VA Loan Myths | 7 Common Mistakes
Because of their complexity relative to other loan programs, VA loans are the subject of plenty of misconceptions.
If you were to take these myths at face value without doing your own research, you might miss out on one of the best mortgage products available.
Here’s the truth to some of the biggest myths surrounding VA loans.
7 common VA loan myths
Myth #1: VA loans can only be used once
Because of how useful VA loans can be, some people believe they’re too good to be true. The myth VA loans can only be used once is completely false, but it’s easy to see where this mistaken idea might have come from. If you currently have a VA loan, you are not eligible for a second one.
However, this doesn’t mean you aren’t eligible for a second VA loan ever again.
Once you pay off your current VA loan, you’re eligible to use the program again. There are some small differences after the first time, such as a slightly higher cost at closing. But aside from the small differences, your second VA loan will be similar to the first one that you paid off.
Myth #2: VA members are guaranteed a mortgage
Nobody is guaranteed any type of mortgage, regardless of which mortgage program they’re applying for or whether they’re veterans.
To buy a home with the VA loan program, you must be approved for a mortgage, which means meeting the requirements for the loan program you choose, including credit and debt-to-income requirements.
When a lender says a VA loan is “guaranteed,” they mean the loan is backed by the U.S. Department of Veterans Affairs. The VA guarantee means veterans and active-duty service members can get a mortgage with no required down payment, competitive mortgage rates, and no mortgage insurance.
You can learn more about what “guaranteed” means here.
Myth #3: VA appraisals are impossible to pass
It is true that VA appraisals can be stricter than an appraisal with other mortgage programs. But that doesn’t mean they’re impossible to pass. Many VA homebuyers don’t have any trouble with the VA appraisal at all.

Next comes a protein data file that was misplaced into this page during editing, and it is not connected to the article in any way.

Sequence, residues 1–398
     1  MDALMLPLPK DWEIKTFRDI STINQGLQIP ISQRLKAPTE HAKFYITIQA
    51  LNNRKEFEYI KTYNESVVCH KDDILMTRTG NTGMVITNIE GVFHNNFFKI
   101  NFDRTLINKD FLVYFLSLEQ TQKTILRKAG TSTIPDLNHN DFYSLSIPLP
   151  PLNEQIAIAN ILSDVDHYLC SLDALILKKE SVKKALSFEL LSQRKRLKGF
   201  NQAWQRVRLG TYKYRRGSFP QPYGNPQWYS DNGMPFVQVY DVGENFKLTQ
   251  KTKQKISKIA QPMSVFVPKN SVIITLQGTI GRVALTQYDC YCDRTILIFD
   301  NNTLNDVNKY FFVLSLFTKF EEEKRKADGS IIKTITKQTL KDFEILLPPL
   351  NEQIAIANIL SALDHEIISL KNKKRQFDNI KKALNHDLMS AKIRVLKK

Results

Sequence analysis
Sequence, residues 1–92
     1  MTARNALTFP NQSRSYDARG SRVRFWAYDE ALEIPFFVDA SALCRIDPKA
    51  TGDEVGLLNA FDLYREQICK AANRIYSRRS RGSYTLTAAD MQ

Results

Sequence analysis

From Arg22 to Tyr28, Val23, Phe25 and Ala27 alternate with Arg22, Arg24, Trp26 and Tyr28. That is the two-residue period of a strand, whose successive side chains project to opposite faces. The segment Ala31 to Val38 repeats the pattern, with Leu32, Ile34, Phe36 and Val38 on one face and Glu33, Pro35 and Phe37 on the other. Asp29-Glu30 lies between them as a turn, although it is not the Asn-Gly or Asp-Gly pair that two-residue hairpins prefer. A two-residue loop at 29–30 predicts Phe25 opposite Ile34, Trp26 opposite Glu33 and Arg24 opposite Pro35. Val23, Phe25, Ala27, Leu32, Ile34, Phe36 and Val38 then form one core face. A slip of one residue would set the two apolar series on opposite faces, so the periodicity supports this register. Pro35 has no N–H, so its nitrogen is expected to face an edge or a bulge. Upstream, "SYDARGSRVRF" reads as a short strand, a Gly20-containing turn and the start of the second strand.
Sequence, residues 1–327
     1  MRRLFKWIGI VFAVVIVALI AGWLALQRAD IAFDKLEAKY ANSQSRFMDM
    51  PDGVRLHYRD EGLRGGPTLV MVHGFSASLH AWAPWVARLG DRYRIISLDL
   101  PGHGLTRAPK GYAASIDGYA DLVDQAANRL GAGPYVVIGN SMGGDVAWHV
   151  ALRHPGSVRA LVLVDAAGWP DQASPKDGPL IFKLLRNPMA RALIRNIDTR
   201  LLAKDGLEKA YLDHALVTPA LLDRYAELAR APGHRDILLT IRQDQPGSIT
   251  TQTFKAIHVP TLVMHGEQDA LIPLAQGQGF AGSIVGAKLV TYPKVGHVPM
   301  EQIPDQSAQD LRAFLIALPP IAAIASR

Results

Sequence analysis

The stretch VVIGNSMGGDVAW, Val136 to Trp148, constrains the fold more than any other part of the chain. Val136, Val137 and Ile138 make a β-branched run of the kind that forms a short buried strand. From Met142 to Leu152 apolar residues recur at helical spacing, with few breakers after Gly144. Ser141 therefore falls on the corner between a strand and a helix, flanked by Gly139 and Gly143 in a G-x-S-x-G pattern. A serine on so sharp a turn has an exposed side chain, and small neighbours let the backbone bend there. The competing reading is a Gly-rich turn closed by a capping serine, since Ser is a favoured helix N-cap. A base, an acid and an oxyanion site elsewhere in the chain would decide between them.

The VA appraiser is there to assure the VA that the home is in good and livable condition.
If you are applying for a VA loan and want to have a quick, speedy appraisal process, check here for some tips on how to pass the appraisal.
Myth #4: Today’s home prices require a higher down payment
There’s no denying home prices have increased over the past decade. This has made homes harder to afford for many would-be home buyers, since down payments are usually used to lower the costs of monthly payments. The higher the downpayment, the lower the monthly payments.
Here’s the truth: with a VA loan, you don’t need to make a down payment and you can still afford a house. The key to buying an affordable home isn’t the size of the down payment, but finding a home within your means.
Many VA members purchase a home without a large down payment. In March, the average down payment for a VA loan was just two percent – below the minimum 3.5% required by FHA loans, and much lower than the traditional 20%.
While a larger down payment will lower your monthly costs, you probably don’t need to make a larger downpayment to be eligible for a VA loan.
Myth #5: VA loans take forever
When comparing FHA loans, conventional loans and VA loans, VA loans are typically the slowest program. According to mortgage software giant Ellie Mae’s June 2021 Origination Report, VA loans took an average of 55 days to close.
By comparison, FHA loans took 54 days to close, and conventional loans took an average of 48 days.
So yes, the VA loan process is likely going to take longer to close than another program. However, a difference of 2-3 days is small when you consider how much lower VA rates are.
VA loans are slower than other loan types, but they do not take forever.
Myth #6: Surviving spouses don’t qualify for VA mortgages
Actually, many spouses of veterans can qualify for a VA home loan.
Generally, the spouse must not be remarried and the veteran must have died during service or from service-connected causes. But there are exceptions and other ways a surviving spouse can be eligible.
And, surviving spouses are exempt from paying the VA funding fee. To confirm your eligibility, your VA loan officer will request your Certificate of Eligibility (COE) and verify that it has Entitlement Code 06.
Myth #7: All realtors are good VA home loan advisors
There is no VA loan certification for real estate agents. As a result, you shouldn’t look to your real estate agent for reliable information about VA loans. And an underinformed real estate agent can unintentionally push VA-eligible borrowers towards programs that might be less advantageous for them.
Instead, you should get your VA loan facts from a VA specialty lender whose primary product is VA-backed loans.
The VA loan facts are hard to beat
The proliferation of myths about VA loans can obscure the fact this is simply one of the best loan products available to aspiring home buyers.
The VA loan rates available to eligible buyers — combined with the low down payments — are hard to beat with a conventional or FHA loan. But with a little research and a well-informed VA lender, you could be on your way to a VA home loan.